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Survey reveals 83% of employees want to report IT issues through their mobile device, yet only 24% of businesses are able to support demand

April 2013 by LANDESK Software

New research by LANDesk Software reveals that employee demand for mobile devices in the workplace is increasing at a faster rate than IT professionals are able to support. Out of 1,000 IT end- users surveyed, 83% now want to create service desk incidents or requests via their mobile device, yet only 24% are able to access self-service systems in this way because their employers do not have the technology to support it.

These results highlight how deeply mobile devices have been adopted by employees into working practices and that this comes with an expectation for related support services, in a similar way that employees can access support by desktop PC. The research suggests many employers are lagging behind the demand when it comes to providing effective support for their mobile employees. If BYOD is to enable employees to be more flexible and productive, businesses will need to match BYOD policies with appropriate IT support, or the increase in productivity expected may be limited.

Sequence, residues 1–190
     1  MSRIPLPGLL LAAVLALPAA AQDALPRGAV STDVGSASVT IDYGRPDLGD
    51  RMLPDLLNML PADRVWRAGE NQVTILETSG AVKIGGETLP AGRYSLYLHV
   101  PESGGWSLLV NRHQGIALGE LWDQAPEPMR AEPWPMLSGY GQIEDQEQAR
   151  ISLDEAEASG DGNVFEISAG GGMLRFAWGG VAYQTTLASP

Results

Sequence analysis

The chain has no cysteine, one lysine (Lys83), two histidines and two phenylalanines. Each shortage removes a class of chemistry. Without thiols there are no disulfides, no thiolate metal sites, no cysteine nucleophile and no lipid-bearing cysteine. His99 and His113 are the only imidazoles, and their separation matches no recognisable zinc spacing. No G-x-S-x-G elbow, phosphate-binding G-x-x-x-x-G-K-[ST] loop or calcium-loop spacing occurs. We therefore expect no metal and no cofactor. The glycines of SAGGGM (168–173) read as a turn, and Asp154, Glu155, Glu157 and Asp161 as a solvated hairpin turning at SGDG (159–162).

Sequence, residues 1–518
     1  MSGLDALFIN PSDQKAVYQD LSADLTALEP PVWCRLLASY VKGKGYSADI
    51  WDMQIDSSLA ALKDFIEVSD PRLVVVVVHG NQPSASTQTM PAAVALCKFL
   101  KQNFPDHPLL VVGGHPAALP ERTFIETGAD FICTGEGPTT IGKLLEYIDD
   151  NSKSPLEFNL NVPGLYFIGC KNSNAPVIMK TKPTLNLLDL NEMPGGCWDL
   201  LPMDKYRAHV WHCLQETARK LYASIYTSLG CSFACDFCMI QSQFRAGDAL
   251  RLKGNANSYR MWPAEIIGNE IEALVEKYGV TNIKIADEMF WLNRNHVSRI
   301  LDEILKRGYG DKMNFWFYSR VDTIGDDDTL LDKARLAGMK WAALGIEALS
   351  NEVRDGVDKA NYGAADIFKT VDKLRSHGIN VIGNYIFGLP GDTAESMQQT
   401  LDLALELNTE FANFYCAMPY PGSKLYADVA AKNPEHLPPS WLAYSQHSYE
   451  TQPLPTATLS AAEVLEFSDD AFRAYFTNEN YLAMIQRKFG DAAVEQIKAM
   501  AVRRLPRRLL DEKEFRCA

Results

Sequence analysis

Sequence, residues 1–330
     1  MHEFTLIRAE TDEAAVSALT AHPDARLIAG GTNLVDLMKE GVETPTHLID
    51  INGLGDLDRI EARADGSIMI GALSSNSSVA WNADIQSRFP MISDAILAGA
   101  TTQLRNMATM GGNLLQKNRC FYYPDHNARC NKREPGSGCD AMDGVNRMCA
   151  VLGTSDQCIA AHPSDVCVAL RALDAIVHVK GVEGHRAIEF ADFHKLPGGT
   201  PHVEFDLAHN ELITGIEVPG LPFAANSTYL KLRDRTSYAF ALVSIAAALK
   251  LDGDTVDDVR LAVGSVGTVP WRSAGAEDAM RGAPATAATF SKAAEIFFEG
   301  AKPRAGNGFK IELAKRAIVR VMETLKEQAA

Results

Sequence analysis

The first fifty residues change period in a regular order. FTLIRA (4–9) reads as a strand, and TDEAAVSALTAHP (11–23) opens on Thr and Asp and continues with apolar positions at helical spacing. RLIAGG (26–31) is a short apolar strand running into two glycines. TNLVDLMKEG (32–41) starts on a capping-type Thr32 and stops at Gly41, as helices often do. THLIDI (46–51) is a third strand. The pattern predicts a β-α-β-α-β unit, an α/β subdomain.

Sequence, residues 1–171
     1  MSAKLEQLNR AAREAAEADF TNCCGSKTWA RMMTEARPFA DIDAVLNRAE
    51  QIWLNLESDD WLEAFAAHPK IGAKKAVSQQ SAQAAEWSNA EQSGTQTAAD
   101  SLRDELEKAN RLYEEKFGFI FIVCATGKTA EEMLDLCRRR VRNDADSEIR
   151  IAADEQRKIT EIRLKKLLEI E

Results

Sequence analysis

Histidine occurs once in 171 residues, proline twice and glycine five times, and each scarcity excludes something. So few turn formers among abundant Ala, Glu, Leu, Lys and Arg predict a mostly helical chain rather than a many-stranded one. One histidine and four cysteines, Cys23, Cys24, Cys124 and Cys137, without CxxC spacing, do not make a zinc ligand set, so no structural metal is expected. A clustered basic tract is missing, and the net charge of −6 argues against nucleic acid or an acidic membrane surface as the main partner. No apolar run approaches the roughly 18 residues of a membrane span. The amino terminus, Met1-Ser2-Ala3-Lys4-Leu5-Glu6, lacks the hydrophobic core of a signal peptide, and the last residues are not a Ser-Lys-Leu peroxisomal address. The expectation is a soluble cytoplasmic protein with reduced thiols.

While access by mobile device may be limited, the research reveals that, overall, 86% of respondents have access to self-service IT support via PC, highlighting industry-wide recognition of its value in providing better service to users, at the same time as reducing costs and improving efficiency.

‘‘Mobile devices have become so integral to how employees work that it’s worrying to see so few businesses enable employees to report IT problems via mobile devices. Businesses will find their employees more willing to embrace services if the way they are requested goes hand in hand with the way they work,’’ said Ian Aitchison, Director of Product Management, LANDesk. ‘‘In the drive to cut costs and boost efficiency, its important businesses don’t lose sight of what makes the end-user tick. The service desk is the support system for the whole business. As employees evolve and adopt new technologies to support them in their work, businesses are well advised to support these technologies to maintain productivity levels and streamline interactions between the employee and the service desk.’’

The research also surveyed 10,000 IT professionals, with the findings revealing they have seen positive results from desktop PC self-service despite the limited availability of mobile. Of those surveyed, 85% stated that some or all of the objectives driving self-service have been achieved, with the main benefits identified as reduced call volumes and a better user experience. Of those who don’t have self-service in place, 83% want to implement it and nearly half (47%) already have a roll-out plan in place to adopt self-service imminently.

‘‘Enabling end-users to take more control of their interactions with IT delivers tangible benefits, as it simplifies and improves exchanges between IT and the end-user by removing the frustration of multiple calls to the service desk. It is encouraging to see that IT decision-makers are continuing to invest in self-service capability,’’ concluded Aitchison.




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